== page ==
Monday, June 21, 2010

Put It In A Box For Me

HK Singers' 2010 Production of "Oliver!"

Whenever someone who had seen the show came up to me and said, "You did a wonderful job. You must be proud of yourself," there was always a split second where my mind debated as to whether to answer it with false modesty, or to take the compliment graciously and be thankful about it. And everytime I found myself in that situation since we moved into the theatre, even before we opened, I always answered--- with pride, conviction, and gratitude--- "I am, indeed, very, very proud."

HK Singers' Oliver has been the most challenging choreographic project I have ever taken on, by far. We had 65 performers in the chorus, 40 of whom were kids; 10 principals, 2 of whom--- Oliver and Dodger--- were kids; 22 musical numbers; and barely three months to stage the entire musical at only three times a week. The biggest challenge of them all: the movement style requirement was NOT my style.
Photo by Tim Bowman

But, with Phil Whelan's string and clear artistic vision & direction; Jodi Gilchrist's invaluable guidance; the trust they both bestowed upon me to take the liberty to explore artistically and to make directorial choices; my ever-reliable dance captain, Chow; Jacqueline Gourlay Grant's patience despite the many times my dance rehearsals had to eat up her vocal rehearsal time; and the vote of confidence that the cast showed me throughout the entire process, I delivered what was asked of me. And, modesty aside, I did it brilliantly. I wouldn't have, though, if not for these wonderfully talented and inspiringly daring people. Oh, I need to mention, some of them are sometimes hard-headed as well. That was an even bigger challenge.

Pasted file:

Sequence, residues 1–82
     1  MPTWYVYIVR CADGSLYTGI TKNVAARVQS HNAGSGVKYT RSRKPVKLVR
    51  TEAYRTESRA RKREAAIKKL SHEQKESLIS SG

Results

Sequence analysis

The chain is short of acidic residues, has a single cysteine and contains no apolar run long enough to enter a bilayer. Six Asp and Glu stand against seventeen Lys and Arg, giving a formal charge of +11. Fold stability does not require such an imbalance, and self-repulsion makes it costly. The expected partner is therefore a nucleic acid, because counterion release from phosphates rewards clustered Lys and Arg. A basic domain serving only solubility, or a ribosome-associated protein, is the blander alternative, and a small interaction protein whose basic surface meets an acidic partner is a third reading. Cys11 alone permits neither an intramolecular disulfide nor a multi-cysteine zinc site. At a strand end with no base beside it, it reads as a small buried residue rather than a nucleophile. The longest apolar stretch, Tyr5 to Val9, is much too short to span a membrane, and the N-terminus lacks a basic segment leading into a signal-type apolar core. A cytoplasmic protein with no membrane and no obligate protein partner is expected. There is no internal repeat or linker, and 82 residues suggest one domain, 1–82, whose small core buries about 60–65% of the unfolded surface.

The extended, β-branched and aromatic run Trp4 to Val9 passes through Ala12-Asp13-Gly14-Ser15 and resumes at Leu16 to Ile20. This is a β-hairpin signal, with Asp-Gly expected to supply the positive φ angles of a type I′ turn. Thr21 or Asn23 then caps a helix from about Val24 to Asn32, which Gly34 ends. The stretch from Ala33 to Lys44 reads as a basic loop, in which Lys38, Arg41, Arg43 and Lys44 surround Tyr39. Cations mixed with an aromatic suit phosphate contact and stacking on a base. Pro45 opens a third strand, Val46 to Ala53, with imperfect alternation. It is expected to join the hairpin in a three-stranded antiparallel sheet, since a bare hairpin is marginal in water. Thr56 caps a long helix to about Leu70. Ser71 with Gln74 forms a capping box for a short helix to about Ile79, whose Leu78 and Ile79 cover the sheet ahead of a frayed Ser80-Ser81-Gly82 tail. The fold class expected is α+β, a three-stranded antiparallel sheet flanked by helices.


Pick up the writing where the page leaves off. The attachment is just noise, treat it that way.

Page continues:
The success of Oliver is particularly special to me because beyond the choreography, I jumped on-board the team with a mission in my heart. Over the past nine months that I have been totally immersed with the "Community Theatre" scene in HK, I have grown to dislike the term "community theatre". I have seen so many people use the term as an excuse for mediocrity, and I found that awfully disheartening. I think that while "community theatre" means that we do not have enough money to pay our actors, artistic team, production team, stage crew and orchestra the professional fee that they deserve, it should not mean that "this is all" we are capable of. Lack of training is forgivable. It is easy to remedy. But complacency, especially because this is just "community theatre" anyway, is not.
Photo by Tim Bowman
Oliver and Mrs. Bedwin looked out of the window, and they saw a lady walking with a basket full of roses. She was selling them for two blooms for a penny. The milkmaid followed, and then the lady that sold ripe strawberries. After a beat, the knife grinder walked on asking out loud who had knives he could sharpen.